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DECEMBER 2, 1999

SMART ANSWERS
By Karen E. Klein

Drafting the "Goldilocks" Contract — Not Too Simple or Too Complex
Many service businesses use agreements that afford little


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Q: I'm interested in starting a computer consulting business and have the education and certifications necessary. However, I'm not sure about how to develop a contract for my services. Can you give me some advice?

---- L.D., Los Angeles

A: Contracts are all-important for independent service businesses, yet too often entrepreneurs use inadequate, hastily drafted documents — when they bother at all. A contract that doesn't cover such essentials as fees, payment methods, and scope of work won't protect you in the event you and your client have a conflict. Also, beware of contracts that don't allow deadline changes on consulting projects or that ignore the client's responsibility to cooperate for a successful consulting job.

A contract can be a one-page letter of understanding or a multipage document full of legal jargon. Neither is ideal. If your contract is too simple, it won't protect you. Yet, if it's too technical, you'll appear rigid or litigious and will scare prospective clients. Where's the happy medium?

There are many sources — including industry organizations, books, and Web sites — for sample contracts. Business attorneys have boilerplate agreements that they can tailor to your practice. Prospective clients may want to use their own format, and you can find do-it-yourself contracts in legal bookstores and online. If you are going to do different kinds of consulting projects — some one-time and others ongoing, for instance — you may need to use several distinct contracts.

William T. Mooney Jr., a consultant's consultant and director of the Center for Consulting & Professional Practices in Torrance, Calif., advises his startup clients to collect sample contracts from friends, colleagues, organizations, clients, and books. "Get as many different contracts as you can find and identify the pieces of them that would apply to your particular consulting products," Mooney says. "Take the language that speaks to the important issues you'll be dealing with — especially the responsibilities of the consultant and the responsibilities of the client — and gather it together. Then take it to your attorney, making sure you hire someone who is familiar with consulting businesses, and ask two questions: 'Will this protect me?' and 'If not, what else do I need to include?'"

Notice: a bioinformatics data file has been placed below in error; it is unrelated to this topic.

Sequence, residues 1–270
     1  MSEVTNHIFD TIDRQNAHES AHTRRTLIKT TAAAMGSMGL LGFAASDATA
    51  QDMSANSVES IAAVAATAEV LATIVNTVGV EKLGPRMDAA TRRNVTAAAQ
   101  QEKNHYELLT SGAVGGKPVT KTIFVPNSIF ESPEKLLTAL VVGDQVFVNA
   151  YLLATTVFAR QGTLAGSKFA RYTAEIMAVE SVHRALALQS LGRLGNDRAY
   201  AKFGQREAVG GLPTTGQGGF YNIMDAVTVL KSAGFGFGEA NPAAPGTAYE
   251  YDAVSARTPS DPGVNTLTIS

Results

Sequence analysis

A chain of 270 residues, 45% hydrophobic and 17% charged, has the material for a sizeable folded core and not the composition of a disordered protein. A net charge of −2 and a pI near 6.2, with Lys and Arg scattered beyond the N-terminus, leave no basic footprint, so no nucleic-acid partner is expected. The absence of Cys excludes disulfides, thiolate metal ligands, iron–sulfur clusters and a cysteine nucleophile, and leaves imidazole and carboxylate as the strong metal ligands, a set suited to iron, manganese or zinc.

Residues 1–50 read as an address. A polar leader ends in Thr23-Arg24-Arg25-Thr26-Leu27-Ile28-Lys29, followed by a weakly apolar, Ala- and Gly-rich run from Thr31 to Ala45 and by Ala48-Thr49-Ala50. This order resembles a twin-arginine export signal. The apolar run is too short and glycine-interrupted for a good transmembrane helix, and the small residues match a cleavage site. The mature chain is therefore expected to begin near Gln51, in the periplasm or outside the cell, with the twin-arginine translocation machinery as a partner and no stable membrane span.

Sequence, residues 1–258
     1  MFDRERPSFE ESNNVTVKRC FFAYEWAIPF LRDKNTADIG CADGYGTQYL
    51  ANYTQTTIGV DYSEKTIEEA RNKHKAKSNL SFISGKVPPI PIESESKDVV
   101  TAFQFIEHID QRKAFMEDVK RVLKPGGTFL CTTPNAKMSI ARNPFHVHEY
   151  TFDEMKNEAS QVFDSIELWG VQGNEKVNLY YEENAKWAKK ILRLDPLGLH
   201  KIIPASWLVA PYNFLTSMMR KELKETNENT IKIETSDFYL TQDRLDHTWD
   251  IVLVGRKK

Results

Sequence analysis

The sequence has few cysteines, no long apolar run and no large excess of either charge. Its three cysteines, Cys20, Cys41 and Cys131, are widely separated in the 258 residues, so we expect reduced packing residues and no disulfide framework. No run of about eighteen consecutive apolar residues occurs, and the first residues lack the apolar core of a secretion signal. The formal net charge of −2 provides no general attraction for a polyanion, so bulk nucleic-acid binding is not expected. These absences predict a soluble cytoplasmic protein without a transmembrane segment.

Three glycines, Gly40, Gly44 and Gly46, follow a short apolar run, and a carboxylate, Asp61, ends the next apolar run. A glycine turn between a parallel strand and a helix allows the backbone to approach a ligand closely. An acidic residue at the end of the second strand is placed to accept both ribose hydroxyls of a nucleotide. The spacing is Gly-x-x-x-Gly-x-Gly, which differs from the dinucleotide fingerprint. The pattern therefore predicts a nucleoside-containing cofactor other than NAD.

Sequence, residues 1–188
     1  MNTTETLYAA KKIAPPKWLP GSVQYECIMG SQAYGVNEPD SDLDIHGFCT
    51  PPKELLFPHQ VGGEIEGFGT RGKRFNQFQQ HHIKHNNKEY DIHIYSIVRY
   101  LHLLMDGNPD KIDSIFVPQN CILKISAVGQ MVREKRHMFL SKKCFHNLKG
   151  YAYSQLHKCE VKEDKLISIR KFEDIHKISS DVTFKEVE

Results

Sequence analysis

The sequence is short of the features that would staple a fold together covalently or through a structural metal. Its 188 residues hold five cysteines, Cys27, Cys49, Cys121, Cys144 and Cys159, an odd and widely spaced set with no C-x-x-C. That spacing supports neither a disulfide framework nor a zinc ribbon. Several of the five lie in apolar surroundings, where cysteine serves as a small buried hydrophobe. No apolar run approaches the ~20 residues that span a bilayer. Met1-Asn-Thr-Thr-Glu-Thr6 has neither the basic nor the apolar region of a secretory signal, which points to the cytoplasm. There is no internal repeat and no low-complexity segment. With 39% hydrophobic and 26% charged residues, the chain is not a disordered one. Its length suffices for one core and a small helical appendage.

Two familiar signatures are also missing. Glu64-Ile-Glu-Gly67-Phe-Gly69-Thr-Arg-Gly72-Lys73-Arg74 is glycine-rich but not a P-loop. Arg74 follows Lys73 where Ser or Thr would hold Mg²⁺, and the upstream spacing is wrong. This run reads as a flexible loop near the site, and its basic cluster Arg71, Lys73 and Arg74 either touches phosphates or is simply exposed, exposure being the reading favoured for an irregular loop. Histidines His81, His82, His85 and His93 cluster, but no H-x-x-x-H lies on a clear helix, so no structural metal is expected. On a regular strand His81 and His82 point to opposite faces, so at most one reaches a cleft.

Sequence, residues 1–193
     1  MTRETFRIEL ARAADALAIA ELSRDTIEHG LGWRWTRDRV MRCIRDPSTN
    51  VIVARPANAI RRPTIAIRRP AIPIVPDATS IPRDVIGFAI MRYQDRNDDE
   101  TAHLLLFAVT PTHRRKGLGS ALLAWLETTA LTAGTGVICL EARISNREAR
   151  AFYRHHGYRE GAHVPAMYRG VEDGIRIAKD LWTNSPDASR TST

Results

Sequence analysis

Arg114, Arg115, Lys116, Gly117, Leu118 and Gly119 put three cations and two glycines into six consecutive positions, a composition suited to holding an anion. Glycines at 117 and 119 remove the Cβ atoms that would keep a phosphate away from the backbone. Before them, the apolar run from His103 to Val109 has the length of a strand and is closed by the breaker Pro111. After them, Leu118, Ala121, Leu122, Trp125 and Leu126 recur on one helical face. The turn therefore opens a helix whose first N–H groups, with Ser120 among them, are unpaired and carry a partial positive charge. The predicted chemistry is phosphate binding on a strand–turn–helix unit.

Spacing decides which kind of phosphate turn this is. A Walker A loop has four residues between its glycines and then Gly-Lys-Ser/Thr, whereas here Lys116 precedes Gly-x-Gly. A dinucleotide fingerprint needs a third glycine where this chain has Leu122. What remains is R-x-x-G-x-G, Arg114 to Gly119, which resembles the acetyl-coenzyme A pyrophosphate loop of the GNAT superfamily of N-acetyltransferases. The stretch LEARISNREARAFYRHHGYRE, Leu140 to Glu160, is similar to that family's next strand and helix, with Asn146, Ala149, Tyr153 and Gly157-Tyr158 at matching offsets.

Clients who go into their attorneys armed with relevant materials save on legal fees, says Mooney. And they don't end up with boilerplate material that includes unnecessary language. "The attorney should be able to look over what you've collected and tell you what to include, what to add, and what to delete. You take it from there," Mooney says.

Henry A. Burger, an engineer who has studied contracts used by technical consultants, says a good contract covers all the important details of a work agreement without getting too technical or too wordy. Yet no contract will protect you every time. "Be careful who you're dealing with. The best-written contract will do you no good whatsoever if you're dealing with a dishonorable person," Burger cautions. The best way to find good sample contracts is to join professional organizations specific to your industry and talk to others in your business about what they have used, he says.

The Independent Computer Consultants Assn., based in St. Louis (800 774-4222) has sample contracts for members posted on its Web site, www.icca.org. The Institute of Management Consultants, www.imcusa.org, has a code of ethics, standards and practices that might include language you will want to include in your contracts. The group's Web site has additional resources you may find helpful, as does the Web site of the Institute for Electrical and Electronic Engineers, www.ieee.org.

Mooney recommends three books that include advice on contracts: The IRS, Independent Contractors and You! by James R. Urquhart III, The Complete Guide to Consulting Contracts, by Herman Holtz, and The Contract and Fee-Setting Guide for Consultants and Professionals, by Howard L. Shenson. All of the titles are available online at amazon.com.



Have a question about running your business? Ask our small-business experts. Send us an e-mail at smartanswers@businessweek.com, or write to Smart Answers, BW Online, 6th Floor, 2 Penn Plaza, New York, NY 10121. Please include your real name and phone number in case we need more information; only your initials and city will be printed. Because of the volume of mail, we won't be able to respond to all questions personally.

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